[p2p-research] is open source design inferior

Ryan Lanham rlanham1963 at gmail.com
Mon Nov 9 19:38:38 CET 2009

Sure.  I'm not saying free doesn't have incentives.  It does.  I'm also
nothing of a mind that people have to gain to get something.

All I am saying is that it is tough to get free to be responsive.  My own
preferred model for most things is Mozilla or Apache.  Seems a win/win.  But
then again, I see Twitter as a commons.

Free to me is an afterthought to the commons.  I see no reason for free with
abundance either.  Price is a great way to allocate given a bit of social
justice regulation thrown in..

On Mon, Nov 9, 2009 at 11:44 AM, Paul D. Fernhout <
pdfernhout at kurtz-fernhout.com> wrote:

> Ryan Lanham wrote:
>> On Mon, Nov 9, 2009 at 10:22 AM, Eugen Leitl <eugen at leitl.org> wrote:
>>  The problem is that FLOSS people and usability don't mix.
>>> At least the current culture doesn't seem to, it might mend
>>> eventually.
>>> Not holding my breath, though.
>> I think it was a separate thread where Michel and I were speculating on
>> why.  It may be that the work of being customer driven is unappealing and
>> therefore requires a market model to succeed.  FLOSS is fun for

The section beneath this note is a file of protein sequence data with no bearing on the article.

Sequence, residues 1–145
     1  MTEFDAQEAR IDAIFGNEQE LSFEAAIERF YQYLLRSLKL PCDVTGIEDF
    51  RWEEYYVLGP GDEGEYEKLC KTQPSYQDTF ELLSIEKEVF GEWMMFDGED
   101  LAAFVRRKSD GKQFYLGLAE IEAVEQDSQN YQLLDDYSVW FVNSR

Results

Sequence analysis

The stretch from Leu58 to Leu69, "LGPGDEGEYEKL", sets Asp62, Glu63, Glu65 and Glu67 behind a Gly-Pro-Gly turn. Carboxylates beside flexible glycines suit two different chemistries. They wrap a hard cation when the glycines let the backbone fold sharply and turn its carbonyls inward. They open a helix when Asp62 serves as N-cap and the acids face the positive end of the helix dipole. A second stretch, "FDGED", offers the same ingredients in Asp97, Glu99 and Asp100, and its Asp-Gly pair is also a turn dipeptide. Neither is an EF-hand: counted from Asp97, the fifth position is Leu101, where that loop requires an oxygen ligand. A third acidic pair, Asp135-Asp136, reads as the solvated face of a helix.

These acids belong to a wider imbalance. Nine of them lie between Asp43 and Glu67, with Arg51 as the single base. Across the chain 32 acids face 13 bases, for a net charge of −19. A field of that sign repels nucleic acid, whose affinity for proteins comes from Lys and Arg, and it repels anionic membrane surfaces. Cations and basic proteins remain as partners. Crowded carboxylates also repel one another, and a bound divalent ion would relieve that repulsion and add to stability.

>> programmers.  Fun isn't necessarily the path to useful.  I doubt games
>> that
>> people make up would have the features wanted by gamers in the main.  I
>> doubt cars designed by care enthusiasts would have cup holders.  Profit
>> creates interesting incentives to be responsive.  Free has no such
>> incentives.
> There's certainly truth to that.
> Still, free has other "incentives" in the sense of direct engagement with
> the substance of the situation.
> What "incentives" does a parent have to be responsive to their child? It's
> just something most people do given the circumstances (unless something is
> really pathological).
> What "incentives" does a gardener have to grow flowers in their front yard
> or windowboxes, for everyone to see? (There actually are some, but they are
> more social than directly material or ration-unit oriented.)
> Another aspect is openness. People who want their individual needs met can
> either extend the system or get someone else to do it for them. So, there is
> a direct way individual needs can be met, but it is different than a simple
> fee for service in that sense.
> Also, on games specifically, for a lot of people, it is more fun to make
> games than to play them. So, there are lots of ways to have fun. So, again,
> there is a paradigm shift there on that issue.
> As I said before, from all the programming mailing lists I've been on, I've
> always got the feeling that open source software would be better if most
> programmers doing it did not need an eight-hour day job doing something else
> (usually programming, but sometimes other things). A lot of times the
> developers of code want to be responsive, but do not have the time.
> --Paul Fernhout
> http://www.pdfernhout.net/
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Ryan Lanham
rlanham1963 at gmail.com
Facebook: Ryan_Lanham
P.O. Box 633
Grand Cayman, KY1-1303
Cayman Islands
(345) 916-1712
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